The nine million would be paid every year and not adjusted for inflation. It would be placed in a separate fund where various communities to vie for the money and NYPA connected committees would decide who would get what.

The Greenway money, meant for parks and trails and pork – would be controlled by NYPA.

Still it was pork – for politicians. They would have money to buy nice things that are green and take credit and contract the work to campaign contributors.

The history of the Greenway project is pork and contracts to friends, with NYPA leveraging political power and favors across the boards.

It was sheer genius: As long as NYPA controlled $9 million a year to be parceled out to low level politicians, it ensured they would play nice, and never make a stink, as NYPA reaped its billion dollars a year from the region’s hydropower.

After the second 50-year deal was made, NYPA and our local leaders spun it.

It wasn’t $5 million per year split seven ways, not adjusted for inflation; it was announced as NYPA was paying $250 million.

It wasn’t $9 million per year in Greenway money, split half with Buffalo and a third to the state and the rest split seven ways and not adjusted for inflation. It was announced as $450 million.

The small allotment of electricity NYPA would allow politicians to dole out for favors was inflated and assumed astronomical proportions.

The leaders of this community made the worst deal one could imagine. Based on the past 50 years, it almost ensured our continued poverty – and, mark it well, a century without hydropower.

Our local leaders spun it proudly, as they announced they negotiated a second, 50-year licensing deal.

They bragged that they got NYPA to the table and when they were done they got NYPA to pay a billion dollars.

Never was it mentioned that the billon dollars would be paid over 50 years, not adjusted for inflation, and split between a passel of competing interests.

No it was a cause for celebration: After all we got a billion dollars!

And NYPA executives smiled as they learned that ignorance (in Niagara) is bliss (for Albany).  They don’t have to sell Niagara hydropower to Niagara.

All they needed was chump change creatively parceled out to compromised and buffoonish elected officials, an apathetic horrifically ill-informed public and a watchdog media that didn’t bark and the region again was sold out for cheap.

As for the people here, they still think (after 60 years) that they get their power from NYPA and the hydropower of Niagara.

ttt - Copy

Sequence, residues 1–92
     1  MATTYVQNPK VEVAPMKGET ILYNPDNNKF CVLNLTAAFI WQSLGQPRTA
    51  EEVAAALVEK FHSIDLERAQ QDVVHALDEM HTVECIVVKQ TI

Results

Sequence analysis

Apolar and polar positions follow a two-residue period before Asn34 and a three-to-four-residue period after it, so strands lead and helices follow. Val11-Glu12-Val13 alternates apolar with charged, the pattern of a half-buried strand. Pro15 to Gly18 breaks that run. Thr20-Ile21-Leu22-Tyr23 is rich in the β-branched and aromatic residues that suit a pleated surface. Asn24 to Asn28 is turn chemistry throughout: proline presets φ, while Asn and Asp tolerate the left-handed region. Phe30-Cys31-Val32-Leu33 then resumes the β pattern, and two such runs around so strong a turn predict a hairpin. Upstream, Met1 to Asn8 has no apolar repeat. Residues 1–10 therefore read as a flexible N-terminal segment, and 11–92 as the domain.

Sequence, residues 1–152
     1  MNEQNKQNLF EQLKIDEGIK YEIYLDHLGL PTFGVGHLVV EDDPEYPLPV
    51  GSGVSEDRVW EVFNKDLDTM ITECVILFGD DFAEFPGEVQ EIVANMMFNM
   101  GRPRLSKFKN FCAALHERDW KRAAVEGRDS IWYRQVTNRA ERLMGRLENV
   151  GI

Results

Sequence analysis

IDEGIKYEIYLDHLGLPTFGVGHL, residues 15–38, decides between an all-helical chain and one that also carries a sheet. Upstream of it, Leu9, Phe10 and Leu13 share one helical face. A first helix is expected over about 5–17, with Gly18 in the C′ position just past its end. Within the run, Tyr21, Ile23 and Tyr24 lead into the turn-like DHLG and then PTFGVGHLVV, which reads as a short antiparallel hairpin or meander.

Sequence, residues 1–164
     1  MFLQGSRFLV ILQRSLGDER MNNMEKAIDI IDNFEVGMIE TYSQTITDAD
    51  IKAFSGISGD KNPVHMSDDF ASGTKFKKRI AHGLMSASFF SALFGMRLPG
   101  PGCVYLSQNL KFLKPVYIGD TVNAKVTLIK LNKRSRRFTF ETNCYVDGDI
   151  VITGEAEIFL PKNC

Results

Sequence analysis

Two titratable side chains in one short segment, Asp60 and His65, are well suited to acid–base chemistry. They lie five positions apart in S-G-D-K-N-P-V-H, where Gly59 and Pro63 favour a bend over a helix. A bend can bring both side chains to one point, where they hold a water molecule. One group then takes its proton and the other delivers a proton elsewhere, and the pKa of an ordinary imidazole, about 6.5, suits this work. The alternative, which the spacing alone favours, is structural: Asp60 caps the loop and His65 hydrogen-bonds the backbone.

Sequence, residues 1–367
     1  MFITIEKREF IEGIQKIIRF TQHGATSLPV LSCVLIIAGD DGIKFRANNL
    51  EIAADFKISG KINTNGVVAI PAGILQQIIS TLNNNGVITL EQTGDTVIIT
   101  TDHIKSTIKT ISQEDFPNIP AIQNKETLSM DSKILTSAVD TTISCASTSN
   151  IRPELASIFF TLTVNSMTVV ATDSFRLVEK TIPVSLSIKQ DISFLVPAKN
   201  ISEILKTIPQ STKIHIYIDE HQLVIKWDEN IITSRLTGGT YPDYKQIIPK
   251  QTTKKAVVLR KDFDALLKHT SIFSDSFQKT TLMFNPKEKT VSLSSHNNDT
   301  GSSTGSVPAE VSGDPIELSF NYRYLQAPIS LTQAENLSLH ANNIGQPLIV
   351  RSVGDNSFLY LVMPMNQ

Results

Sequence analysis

The Robert Moses Power Plant, located in Lewiston, NY, generates a billion dollars of electricity per year from power of the Niagara River. But the people of this region don’t power their homes with it.


Sure NYPA has a presence here. The massive and insanely lucrative Robert Moses Power plant is here (generating power for New York City) and gracious NYPA guides offer everyone free tours of the power vista overlooking the plant and the lower Niagara River and gorge. And along the upper Niagara River free, NYPA offers free parking near their intakes for people to stop by the river for waterfowl observation.

But Niagara residents still get their power from burning coal, purchased at high mark-up from National Grid, a company owned by British investors.

Ironic: As we buy super-expensive electricity from the British, NYPA takes our abundant, inexpensive hydropower and sells it to New York City and elsewhere at great rates.

We are in one of the world-leading, natural electricity-producing regions and getting almost nothing from it.

Instead of low-cost electricity for this region – where it counts in the people’s homes – and business – which would create jobs — the profits from our hydropower pay for high-paid NYPA bureaucrats and patronage hire in White Plains (a suburb of New York City) and Albany.

In the end, a region has to take advantage of its natural assets, just as it must pay for its natural liabilities.

Niagara lost its two greatest assets  — tourism (through Albany’s profit driven management of the Niagara Falls State Park) and hydroelectric power.

Both were usurped by Albany.

FattyArbuckle - Copy

If you lost your best two natural talents in life, whatever they are, it they were stolen by someone who took the profit, and gave you none, or almost none, what would your life be like?

Then imagine further, that, after your two best talents were stolen, you didn’t complain and were hardly aware of it. And when told you could get back your assets, or try, you were apathetic.

And you stumbled through life poor and dejected. Oblivious, as if in a fog, as you continuously declined.

That happened to Niagara.

And since we can’t change our ways, we could change our name.  When they call us stupid in the future, they would not only be right, but we’d know enough to answer.

RobertGooses (2) - Copy


0 0 votes
Article Rating
Notify of
Newest Most Voted
Inline Feedbacks
View all comments
Would love your thoughts, please comment.x
.wpzoom (color:black;}